Wouldn't the official race speeds already be corrected?
From: Mike Perry
Sent: Wednesday, November 10, 2010 4:55 PM
Subject: [Q-LIST] Density Altitude, Q200 Speed
Mike, I still don't see how you get a correction of 17 mph. If you use
QACs chart of speed vs. altitude (newsletter 20) a density altitude of
6000 ft gives you a speed correction less than 10 mph. DA of 3000 ft
gives a correction of about 5 mph. Those corrections would move
Malechek's speed up close to 220 (QACs claimed top speed) but they don't
give you 230-240.
Am I missing something? Is there some other way of correcting the speed?
Sam, If it was a standing start then I am truly amazed, and possibly 230
is achievable. Anyone want to do a speed run in Death Valley below sea
level on a cold winter morning?
On 11/9/2010 5:32 PM, Mike Dwyer wrote:
Yup, March in FL is about 80F, 60 F dew point, and they're probably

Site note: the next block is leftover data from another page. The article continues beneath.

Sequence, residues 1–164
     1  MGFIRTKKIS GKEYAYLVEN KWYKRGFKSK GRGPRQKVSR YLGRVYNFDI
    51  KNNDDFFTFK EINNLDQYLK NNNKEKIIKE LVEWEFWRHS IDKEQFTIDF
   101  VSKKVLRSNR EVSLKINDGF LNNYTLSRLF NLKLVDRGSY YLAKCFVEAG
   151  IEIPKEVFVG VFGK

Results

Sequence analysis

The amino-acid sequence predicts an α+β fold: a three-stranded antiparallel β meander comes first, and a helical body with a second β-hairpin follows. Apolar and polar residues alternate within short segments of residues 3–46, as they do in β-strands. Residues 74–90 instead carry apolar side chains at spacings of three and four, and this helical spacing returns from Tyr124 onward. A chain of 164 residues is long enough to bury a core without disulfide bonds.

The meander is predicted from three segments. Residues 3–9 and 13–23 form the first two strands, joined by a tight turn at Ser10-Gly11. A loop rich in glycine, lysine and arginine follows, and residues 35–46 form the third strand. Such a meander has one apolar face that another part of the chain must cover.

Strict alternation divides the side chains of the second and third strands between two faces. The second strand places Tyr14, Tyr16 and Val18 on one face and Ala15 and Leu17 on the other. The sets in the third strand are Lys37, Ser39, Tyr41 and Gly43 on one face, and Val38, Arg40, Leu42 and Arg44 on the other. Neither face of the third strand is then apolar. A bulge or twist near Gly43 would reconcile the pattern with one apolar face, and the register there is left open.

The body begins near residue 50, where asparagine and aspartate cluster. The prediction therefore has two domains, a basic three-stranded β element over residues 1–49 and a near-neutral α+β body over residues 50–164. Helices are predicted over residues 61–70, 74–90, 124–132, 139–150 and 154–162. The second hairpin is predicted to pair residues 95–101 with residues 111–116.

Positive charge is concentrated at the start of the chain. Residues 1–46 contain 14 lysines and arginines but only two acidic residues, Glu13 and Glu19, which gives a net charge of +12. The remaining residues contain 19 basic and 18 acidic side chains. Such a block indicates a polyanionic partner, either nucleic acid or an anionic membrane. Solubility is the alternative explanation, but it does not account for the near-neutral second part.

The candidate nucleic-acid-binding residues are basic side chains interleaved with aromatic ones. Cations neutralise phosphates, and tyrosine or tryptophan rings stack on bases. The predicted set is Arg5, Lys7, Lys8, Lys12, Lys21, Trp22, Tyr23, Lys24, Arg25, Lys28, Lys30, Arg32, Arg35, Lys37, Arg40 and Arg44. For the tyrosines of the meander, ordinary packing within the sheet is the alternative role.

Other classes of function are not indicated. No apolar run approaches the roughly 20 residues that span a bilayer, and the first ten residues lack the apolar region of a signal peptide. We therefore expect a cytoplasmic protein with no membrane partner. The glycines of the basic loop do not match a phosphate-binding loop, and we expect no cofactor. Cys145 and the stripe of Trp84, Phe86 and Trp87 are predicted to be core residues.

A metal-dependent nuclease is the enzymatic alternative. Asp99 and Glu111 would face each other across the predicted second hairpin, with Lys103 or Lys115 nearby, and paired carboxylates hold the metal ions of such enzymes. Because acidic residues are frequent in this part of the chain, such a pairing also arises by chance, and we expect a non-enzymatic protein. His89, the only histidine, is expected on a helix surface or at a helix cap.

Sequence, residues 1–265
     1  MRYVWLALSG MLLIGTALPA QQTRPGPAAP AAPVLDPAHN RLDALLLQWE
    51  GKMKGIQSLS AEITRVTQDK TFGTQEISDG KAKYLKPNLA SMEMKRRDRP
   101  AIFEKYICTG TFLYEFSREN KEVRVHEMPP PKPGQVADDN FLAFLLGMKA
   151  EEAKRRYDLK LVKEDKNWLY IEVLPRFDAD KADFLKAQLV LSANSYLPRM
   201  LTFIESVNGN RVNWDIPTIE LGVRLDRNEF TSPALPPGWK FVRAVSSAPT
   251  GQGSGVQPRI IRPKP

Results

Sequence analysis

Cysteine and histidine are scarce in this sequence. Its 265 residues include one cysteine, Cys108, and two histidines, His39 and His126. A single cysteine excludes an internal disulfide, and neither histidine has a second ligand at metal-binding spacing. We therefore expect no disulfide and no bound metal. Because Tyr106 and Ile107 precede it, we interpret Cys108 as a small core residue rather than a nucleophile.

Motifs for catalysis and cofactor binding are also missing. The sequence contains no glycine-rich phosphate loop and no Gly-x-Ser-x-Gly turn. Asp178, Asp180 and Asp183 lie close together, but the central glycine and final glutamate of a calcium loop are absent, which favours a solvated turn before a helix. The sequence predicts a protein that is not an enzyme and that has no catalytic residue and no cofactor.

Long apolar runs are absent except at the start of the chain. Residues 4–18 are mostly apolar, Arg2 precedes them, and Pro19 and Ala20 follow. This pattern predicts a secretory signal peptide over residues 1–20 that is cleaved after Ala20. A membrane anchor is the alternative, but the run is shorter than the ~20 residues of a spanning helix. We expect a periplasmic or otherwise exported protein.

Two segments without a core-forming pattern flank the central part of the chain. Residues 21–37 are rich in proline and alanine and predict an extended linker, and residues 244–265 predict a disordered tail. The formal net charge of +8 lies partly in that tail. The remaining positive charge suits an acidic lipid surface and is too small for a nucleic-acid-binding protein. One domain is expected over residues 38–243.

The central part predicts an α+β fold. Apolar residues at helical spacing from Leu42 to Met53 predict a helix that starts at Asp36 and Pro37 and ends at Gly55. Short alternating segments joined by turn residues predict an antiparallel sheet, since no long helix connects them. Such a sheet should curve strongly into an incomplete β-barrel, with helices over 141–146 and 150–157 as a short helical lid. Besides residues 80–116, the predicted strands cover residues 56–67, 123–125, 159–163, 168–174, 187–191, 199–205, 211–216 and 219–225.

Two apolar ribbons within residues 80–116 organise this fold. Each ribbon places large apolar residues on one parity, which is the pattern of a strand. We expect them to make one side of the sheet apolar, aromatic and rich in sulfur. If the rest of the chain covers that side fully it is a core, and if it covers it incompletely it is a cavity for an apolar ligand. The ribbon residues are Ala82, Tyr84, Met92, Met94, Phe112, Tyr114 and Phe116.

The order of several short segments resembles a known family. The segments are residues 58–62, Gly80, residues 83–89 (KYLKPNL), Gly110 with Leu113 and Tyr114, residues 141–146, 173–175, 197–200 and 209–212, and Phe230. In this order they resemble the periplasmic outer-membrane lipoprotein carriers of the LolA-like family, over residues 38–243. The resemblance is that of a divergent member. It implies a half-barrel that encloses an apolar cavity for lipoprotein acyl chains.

1000' feet up.
That gets you a density altitude of 2800' here in FL!
Mike Q200 N3QP
Mike Perry wrote:
You are the engineer, but I don't get it. Sun & Fun is about 150 ft
elevation, Guys who are racing usually fly as low as possible unless
wind is a big issue (I think this was a triangular course so hard to
think they flew high). Was the temp that high?
I see what you mean about correcting to standard conditions, but do you
really think that gets you 17 mph from race conditions?
On 11/9/2010 3:36 PM, Mike Dwyer wrote:
But... these are actual speeds. By the book the max speed for a
normally aspirated engine is at sea level, 29.92 inches pressure
altitude, and 59F. If you took that 213 mph and calculated it to
"standard" he would probably be doing 230+?
Sam Hoskins wrote:
At the 1999 Sun 'n Fun 100 mile race, Bob Malechek turned 212.99 mphin his
Tom Moore was right behind him at 205.27 mph. I was behind Tom at
This was my very first race and I hadn't fully grasped the need to fly
on-course. This is also the race where I asked Bob the now legendary
question "What throttle setting do you fly at?"
These are the fastest times that I know are documented.